Oyster Reef Restoration

  • Oyster Deployment
  • Oyster Deployment
  • Oyster Bags
  • Oyster Deployement

As a County committed to the protection and restoration of our environment, Martin County responded to the declining oyster population in both the St. Lucie and Loxahatchee estuaries by establishing the Oyster Reef Restoration Program. The two estuaries have followed the worldwide trend with oyster populations declining by as much as 90 percent. Restoration projects are vitally important to reviving these depleted oyster populations. 

This program fosters significant long-term ecological improvements to the health of the estuaries and also provides vital recreational and economical benefits to the community. The oyster Reef Restoration program contributes to sustained effort toward meeting the Comprehensive Everglades Restoration Plan (CERP) goal to restore historic oyster population levels.

Importance of the Estuaries

Estuaries and the lands surrounding them are areas of transition from land to sea, and from freshwater to saltwater. They are among the most productive ecosystems in the world and can be thought of as the "cradle of the ocean."

More that 70 percent of Florida's recreationally and commercially important fish, crustaceans, and shellfish spend the early part of their lives in estuaries, usually in the juvenile or breeding stages. 

Community Participation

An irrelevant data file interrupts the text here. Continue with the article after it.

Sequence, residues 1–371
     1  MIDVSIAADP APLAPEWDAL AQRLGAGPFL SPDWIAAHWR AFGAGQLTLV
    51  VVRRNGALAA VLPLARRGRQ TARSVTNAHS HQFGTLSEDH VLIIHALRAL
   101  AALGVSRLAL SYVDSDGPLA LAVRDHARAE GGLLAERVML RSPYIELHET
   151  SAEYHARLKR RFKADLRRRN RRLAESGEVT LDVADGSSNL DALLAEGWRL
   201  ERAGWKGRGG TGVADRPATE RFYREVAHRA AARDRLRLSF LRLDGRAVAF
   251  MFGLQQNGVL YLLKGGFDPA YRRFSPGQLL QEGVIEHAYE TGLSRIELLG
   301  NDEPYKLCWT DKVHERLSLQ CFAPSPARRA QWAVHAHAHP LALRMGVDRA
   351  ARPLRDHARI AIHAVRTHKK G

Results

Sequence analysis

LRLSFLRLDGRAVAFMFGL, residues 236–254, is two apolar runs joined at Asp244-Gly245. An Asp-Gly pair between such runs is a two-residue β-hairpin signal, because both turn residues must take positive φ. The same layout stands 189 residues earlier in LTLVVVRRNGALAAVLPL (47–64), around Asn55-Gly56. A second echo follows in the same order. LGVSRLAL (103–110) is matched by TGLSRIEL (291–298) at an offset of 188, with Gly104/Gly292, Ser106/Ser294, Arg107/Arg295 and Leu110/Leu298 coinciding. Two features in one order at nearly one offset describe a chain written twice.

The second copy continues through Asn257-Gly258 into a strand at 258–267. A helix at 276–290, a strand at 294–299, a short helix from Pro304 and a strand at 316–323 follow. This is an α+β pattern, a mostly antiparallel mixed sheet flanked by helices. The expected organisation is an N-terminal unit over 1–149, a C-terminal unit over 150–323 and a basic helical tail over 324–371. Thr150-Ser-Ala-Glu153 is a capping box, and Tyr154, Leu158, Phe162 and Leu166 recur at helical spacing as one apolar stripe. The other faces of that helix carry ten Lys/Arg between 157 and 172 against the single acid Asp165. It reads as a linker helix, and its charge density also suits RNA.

Martin County continues to spearhead oyster restoration in the estuaries. One component of the program that depends heavily on community volunteer assistance is the construction of living shorelines. Volunteers first create the building blocks of the shorelines by making reef balls and bagging recycled oyster, clam and mussel shells collected from local restaurants. The volunteers then gather at the project site to create oyster habitat by placing the Reef Balls and bags in near shore waters. 

Landward of these protected reefs, the volunteers plant mangroves, cordgrass and other shoreline plants to reduce erosion, thereby decreasing sediment deposition in the estuary. In addition to reducing the impact of wave-induced erosion, living shorelines create valuable habitat for critters that play an important part in the food chain. The combined effect of these efforts will increase the resiliency of shorelines to sea level rise. Citizen involvement not only provides a low cost construction option, but also serves as an educational tool, resulting in a greater awareness and support.

Anyone interested in participating in the oyster program is encouraged to register as a volunteer with Florida Oceanographic Society. Please call (772) 225-0505 or visit their website www.floridaocean.org.

Restoration efforts will continue to improve water quality in both the Loxahatchee and St. Lucie Rivers enabling expanding growth of seagrass and supporting both estuarine and marine fish nurseries. Monitoring efforts allow adaptive management of this project and have provided useful information on the success of our efforts to build reefs that not only recruit oyster settlement, but also the suit of marine animals that inhabit them.